My feeble brain tries, and completely fails, to keep up with the flow of new information on topics that interest me. Generally, I skim through trying to get the essence of what has been written.
But this steady stream, or raging torrent, occasionally contains a tidal surge as a very large amount of information gets released in one go. When that happens twice in one week, it really becomes problematic.
Such large scale appearances are generally the result of someone taking an entire archive and making it available online. That just happened twice in a week. The second was the release of 140 years of ‘Popular Science’ magazine. ‘Popular Science’ is an American magazine and it looks very like an American version of ‘New Scientist’. By that I mean it conveys science to the general reader but does it with much more pizzazz, and many more adverts, than the UK publication.
The archive is fully searchable and what little time I’ve spent with it, so far, suggests that it may prove to be very enlightening as much because of what it doesn’t include. But I’ll leave further consideration of ‘PopSci’, as it refers to itself these days, for another time.
Because today I want to look at the other new release – the complete archive of the US ‘Journal of Inebriety’. This pdf explains what the project is about.
Making sure one has taken account of every piece in the new issue of a journal is hard enough. When 141 issues become simultaneously available the choice is between telling the world you will be unavailable for a month or dipping in at random in the hope of finding something of interest.
According to the explanation linked to, above;
‘“All of the issues can now be accessed electronically, making it easy to look for specific topics within the 35-volume collection,” said Hazelden Library Manager Barbara Weiner, who spearheaded the project along with Mr. White.’
That’s over-stating it somewhat because the files are not electronically searchable and one has to pore through the index to find an item that, from its title, seems worthy of further study and then scroll through the pdf of the issue to find it.
But, if my first serendipitous exploration is anything to go by, that could prove to be a worthwhile, if somewhat laborious, process.
Issue No.4 from Volume 5 published in October
1883 contains an article be Dr. J B Mattison (who was described
in 1902 as ‘medical director of the Brooklyn Home for Narcotic
inebriants’ with over thirty years’ experience with addiction treatment) entitled ‘The Curability of Opium Addiction’. (Page 44 of this very large pdf.)
When the current UK government adopted its new ‘drugs strategy’, it said it was making treatment a much higher priority. That sounds laudable and in line with the general shift towards harm reduction measures for problem drug users. Unfortunately, whether because of dogmatic adherence to the notion of success equalling profit or because of a fear that it would be open to press abuse for wasting money on ‘junkies’ at a time when ‘hard-working families’ were suffering austerity measures, it also introduced a system of payment by results for treatment providers.
That in itself might not have been so bad had it not decided that a ‘result’ in treatment terms meant achieving total abstinence. Simply getting an injecting drug user onto a maintenance programme enabling them to bring their life into control, avoiding high-risk needle-sharing and criminal activity to fund street purchases, is viewed as a failure.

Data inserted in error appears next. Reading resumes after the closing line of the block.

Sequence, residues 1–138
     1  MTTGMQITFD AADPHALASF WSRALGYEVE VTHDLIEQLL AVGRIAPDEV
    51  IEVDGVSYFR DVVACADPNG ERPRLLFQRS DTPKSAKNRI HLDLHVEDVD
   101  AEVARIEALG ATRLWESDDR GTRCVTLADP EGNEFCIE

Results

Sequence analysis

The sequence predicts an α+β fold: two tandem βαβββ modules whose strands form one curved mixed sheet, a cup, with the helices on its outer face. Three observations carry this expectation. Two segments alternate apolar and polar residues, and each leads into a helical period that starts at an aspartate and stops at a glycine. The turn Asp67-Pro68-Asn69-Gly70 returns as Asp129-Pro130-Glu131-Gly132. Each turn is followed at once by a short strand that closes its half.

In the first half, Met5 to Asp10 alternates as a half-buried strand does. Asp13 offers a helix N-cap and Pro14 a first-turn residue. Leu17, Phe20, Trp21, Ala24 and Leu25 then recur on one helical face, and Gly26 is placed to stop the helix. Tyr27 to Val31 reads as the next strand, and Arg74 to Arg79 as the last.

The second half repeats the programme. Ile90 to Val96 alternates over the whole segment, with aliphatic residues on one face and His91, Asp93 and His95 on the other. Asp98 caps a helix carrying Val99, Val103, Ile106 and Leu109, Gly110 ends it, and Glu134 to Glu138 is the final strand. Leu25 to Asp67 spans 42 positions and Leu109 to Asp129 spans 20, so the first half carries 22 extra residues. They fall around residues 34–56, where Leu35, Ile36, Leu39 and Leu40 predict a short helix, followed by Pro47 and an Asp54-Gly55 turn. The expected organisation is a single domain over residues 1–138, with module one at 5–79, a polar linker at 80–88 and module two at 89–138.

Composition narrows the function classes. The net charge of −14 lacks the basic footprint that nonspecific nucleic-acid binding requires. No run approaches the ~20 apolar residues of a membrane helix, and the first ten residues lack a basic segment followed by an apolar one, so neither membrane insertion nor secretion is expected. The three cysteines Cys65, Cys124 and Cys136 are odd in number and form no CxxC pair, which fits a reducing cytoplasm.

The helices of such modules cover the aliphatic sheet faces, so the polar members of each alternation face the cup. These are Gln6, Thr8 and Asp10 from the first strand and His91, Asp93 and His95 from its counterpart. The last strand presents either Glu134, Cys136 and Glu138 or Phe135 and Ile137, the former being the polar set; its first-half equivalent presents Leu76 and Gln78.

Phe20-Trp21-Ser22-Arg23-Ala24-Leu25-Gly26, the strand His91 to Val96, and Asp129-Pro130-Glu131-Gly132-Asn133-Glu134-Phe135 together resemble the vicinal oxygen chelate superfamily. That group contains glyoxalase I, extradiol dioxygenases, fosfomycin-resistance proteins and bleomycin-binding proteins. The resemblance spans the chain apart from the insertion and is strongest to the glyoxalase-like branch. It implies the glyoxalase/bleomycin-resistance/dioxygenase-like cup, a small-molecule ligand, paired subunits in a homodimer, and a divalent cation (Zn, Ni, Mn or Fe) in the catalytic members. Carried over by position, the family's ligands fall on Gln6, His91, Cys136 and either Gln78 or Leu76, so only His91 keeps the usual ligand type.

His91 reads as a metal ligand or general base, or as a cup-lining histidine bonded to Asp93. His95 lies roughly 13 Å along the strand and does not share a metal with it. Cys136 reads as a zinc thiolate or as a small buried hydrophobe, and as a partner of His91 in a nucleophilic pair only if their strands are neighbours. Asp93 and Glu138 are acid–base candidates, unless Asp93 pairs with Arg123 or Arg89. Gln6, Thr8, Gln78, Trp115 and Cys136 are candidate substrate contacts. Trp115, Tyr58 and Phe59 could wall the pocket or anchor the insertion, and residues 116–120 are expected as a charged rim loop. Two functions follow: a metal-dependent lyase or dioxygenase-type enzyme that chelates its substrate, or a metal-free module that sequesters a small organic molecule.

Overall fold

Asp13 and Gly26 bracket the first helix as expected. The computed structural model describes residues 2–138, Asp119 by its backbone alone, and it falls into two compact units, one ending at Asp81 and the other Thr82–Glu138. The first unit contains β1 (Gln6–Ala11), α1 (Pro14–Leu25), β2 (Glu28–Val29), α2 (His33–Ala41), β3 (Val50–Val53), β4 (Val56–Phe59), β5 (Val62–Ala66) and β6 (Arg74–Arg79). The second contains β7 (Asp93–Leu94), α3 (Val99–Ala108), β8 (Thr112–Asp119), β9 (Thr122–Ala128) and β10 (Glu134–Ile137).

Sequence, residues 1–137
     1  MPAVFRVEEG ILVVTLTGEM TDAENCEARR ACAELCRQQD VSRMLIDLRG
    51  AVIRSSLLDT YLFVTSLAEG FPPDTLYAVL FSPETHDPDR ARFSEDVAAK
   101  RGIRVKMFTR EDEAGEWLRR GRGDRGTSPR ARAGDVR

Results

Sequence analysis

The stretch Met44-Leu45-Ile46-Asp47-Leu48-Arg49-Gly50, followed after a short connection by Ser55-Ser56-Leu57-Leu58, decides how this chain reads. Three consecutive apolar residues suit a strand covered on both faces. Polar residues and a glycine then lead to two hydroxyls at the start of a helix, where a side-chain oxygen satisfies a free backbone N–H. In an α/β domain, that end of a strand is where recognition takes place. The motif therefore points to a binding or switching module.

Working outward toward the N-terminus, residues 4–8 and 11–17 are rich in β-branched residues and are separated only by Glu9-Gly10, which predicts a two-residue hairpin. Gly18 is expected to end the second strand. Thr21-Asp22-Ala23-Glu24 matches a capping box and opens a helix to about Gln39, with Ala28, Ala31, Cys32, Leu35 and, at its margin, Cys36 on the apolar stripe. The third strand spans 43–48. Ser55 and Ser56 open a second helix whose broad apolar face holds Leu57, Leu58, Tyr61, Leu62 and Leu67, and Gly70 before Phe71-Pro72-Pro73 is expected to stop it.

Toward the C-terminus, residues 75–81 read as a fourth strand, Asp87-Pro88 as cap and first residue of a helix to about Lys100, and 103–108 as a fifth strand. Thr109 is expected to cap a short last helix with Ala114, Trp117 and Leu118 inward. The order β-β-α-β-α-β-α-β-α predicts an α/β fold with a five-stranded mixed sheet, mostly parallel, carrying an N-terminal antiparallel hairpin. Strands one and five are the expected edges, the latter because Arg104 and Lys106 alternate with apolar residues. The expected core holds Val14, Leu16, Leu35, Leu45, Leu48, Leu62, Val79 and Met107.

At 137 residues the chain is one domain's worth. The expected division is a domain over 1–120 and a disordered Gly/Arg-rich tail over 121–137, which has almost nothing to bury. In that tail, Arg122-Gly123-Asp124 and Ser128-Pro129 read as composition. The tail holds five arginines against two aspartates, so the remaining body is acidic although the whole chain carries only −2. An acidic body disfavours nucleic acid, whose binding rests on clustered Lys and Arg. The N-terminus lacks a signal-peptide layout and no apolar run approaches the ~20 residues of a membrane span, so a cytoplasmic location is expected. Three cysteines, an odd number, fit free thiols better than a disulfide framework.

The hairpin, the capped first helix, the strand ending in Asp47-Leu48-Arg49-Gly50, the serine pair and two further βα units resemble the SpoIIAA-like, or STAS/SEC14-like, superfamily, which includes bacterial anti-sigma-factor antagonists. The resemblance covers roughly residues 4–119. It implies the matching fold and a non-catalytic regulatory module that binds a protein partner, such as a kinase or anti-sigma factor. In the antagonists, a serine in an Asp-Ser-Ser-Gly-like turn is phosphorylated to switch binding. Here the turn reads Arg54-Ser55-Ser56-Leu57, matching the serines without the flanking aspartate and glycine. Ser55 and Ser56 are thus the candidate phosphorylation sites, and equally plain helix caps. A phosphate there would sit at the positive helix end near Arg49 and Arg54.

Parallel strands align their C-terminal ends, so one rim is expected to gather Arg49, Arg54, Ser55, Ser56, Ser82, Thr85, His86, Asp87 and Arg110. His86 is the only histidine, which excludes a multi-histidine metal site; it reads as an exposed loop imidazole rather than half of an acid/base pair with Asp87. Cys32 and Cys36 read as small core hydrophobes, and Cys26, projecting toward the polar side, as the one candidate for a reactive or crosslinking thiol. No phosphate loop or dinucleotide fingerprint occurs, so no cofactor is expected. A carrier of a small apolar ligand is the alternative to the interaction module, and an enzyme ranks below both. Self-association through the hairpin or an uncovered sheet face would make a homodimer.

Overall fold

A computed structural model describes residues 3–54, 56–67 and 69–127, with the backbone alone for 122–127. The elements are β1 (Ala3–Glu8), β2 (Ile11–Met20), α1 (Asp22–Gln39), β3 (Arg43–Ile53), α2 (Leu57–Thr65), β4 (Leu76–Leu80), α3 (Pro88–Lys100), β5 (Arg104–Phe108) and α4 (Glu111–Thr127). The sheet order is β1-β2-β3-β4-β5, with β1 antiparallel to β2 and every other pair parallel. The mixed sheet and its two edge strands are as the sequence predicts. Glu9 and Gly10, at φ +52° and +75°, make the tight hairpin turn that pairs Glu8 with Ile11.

In the simplistic world of politics, the individual represents the population so the fact that there are those who have been able to achieve complete abstinence after long periods of addiction is taken to mean that this outcome is available to all and, for many politicians, it is also proof that those who do not achieve complete abstinence are simply not trying hard enough.
It was that present day issue that made Dr Mattison’s thoughts so interesting. Mattison had been asked whether ‘opiomania’ could be cured – whether he knew of any well-authenticated cases of people being abstinent for ten years or more. His answer was a most emphatic ‘Yes’.
But he then looked at what was meant by ‘cured’. Straightaway he notes that in both ‘professional and lay circles’ there are those who say that ‘unless recovery be never followed by relapse it is a failure’. This approach he says is a mistake and he says that a recovered addict may well relapse if exposed to the same conditions that brought about the original addiction. As an example, Mattison says that a patient who has become addicted to morphia as the result of chronic pain is unlikely to achieve abstinence if the pain continues and suggests that such people are ‘ineligible for treatment’.
Most of his paper relates brief case histories from his own and other doctors’ experiences though they are all of successful treatment producing complete abstinence.
His concluding paragraph says that opium addiction is curable in the sense that other diseases are. But, just as with other diseases, it is essential to ensure that the same conditions that produced the original addiction are avoided in the future. He also says that abstinence from alcohol is essential to ensure that one addiction is not simply replaced by another.
Dr Mattison is in no doubt that addiction is a disease and that removing the cause of the original incentive to use opium or morphine is as essential to recovery as removing the source of a cholera outbreak is to preventing its re-appearance.
It is slightly depressing to find that 130 years on there are still those who say that addiction should be dealt with by criminal sanction and that, even where treatment is recognised as the proper way to deal with it, the system still behaves as though you can cure addiction without dealing with its underlying causes.
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